Niobium: the essentials
Niobium atoms have 41 electrons and the shell structure is 126.96.36.199.1. The ground state electronic configuration of neutral niobium is [Kr].4d4.5s1 and the term symbol of niobium is 6D1/2.
The name niobium was adopted officially by IUPAC in 1950, but a few commercial producers still like to refer to it as columbium. Niobium is a shiny, white, soft, and ductile metal, and takes on a bluish tinge when exposed to air at room temperatures for a long time. The metal starts to oxidize in air at high temperatures, and when handled hot must be done so under a protective atmosphere so as to minimize oxide production.
Niobium: physical properties
Niobium: heat properties
- Melting point: 2750 [2477 °C (4491 °F)] K
- Boiling point: 5017 [4744 °C (8571 °F)] K
- Enthalpy of fusion: 20.5 kJ mol-1
Niobium: atom sizes
- Atomic radius (empirical): 145 pm
- Molecular single bond covalent radius: 147 (coordination number 5) ppm
- van der Waals radius: 256 ppm
- Pauling electronegativity: 1.6 (Pauling units)
- Allred Rochow electronegativity: 1.23 (Pauling units)
- Mulliken-Jaffe electronegativity: (no data)
Niobium: orbital properties
- First ionisation energy: 652.13 kJ mol‑1
- Second ionisation energy: 1382 kJ mol‑1
- Third ionisation energy: 2416 kJ mol‑1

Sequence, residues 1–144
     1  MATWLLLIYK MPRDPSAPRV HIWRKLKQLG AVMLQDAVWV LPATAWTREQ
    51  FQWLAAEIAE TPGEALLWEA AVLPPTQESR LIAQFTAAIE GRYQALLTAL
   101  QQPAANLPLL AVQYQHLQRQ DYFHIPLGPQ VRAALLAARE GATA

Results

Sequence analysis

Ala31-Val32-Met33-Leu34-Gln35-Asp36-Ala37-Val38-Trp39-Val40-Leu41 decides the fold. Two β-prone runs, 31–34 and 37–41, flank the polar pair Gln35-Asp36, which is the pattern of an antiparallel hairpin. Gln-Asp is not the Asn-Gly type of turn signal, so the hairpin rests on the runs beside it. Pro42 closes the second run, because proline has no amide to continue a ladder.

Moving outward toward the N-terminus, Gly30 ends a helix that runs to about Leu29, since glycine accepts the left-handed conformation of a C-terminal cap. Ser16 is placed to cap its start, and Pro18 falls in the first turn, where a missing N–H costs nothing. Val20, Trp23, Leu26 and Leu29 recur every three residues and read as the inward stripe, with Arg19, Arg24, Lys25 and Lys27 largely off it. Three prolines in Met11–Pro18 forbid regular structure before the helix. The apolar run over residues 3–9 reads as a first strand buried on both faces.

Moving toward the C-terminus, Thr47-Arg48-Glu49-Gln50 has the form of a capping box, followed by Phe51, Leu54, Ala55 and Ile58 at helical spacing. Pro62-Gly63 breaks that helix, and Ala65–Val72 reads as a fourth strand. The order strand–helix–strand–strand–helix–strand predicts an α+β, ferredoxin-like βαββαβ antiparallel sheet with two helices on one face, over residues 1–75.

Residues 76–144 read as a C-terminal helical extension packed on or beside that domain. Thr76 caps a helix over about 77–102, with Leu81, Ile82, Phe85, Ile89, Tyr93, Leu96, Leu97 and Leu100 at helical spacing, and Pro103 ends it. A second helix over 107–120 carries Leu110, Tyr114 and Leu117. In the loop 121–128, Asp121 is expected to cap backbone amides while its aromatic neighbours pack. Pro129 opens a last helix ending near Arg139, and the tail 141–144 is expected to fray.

Niobium: crystal structure
Niobium: biological data
- Human abundance by weight: (no data) ppb by weight
Niobium has no biological role.
Reactions of niobium as the element with air, water, halogens, acids, and bases where known.
Niobium: binary compounds
Binary compounds with halogens (known as halides), oxygen (known as oxides), hydrogen (known as hydrides), and other compounds of niobium where known.
Niobium: compound properties
Bond strengths; lattice energies of niobium halides, hydrides, oxides (where known); and reduction potentials where known.
Niobium: historyNiobium was discovered by Charles Hatchett in 1801 at England. Origin of name: from the Greek word "Niobe" meaning "daughter of Tantalus" (tantalum is closely related to niobium in the periodic table).
Isolation: isolation of niobium appears to be complicated. Niobium minerals usually contain both niobium and tantalum. Since they are so similar chemically, it is difficult to separate them. Niobium can be extracted from the ores by first fusing the ore with alkali, and then extracting the resultant mixture into hydrofluoric acid, HF. Current methodology involves the separation of tantalum from these acid solutions using a liquid-liquid extraction technique. In this process tantalum salts are extracted into the ketone MIBK (methyl isobutyl ketone, 4-methyl pentan-2-one). The niobium remains in the HF solution. Acidification of the HF solution followed by further extraction in MIBK gives an organic solution containing niobium.
After conversion to the oxide, metallic niobium can be made by reduction with sodium or carbon. Electrolysis of molten fluorides is also used.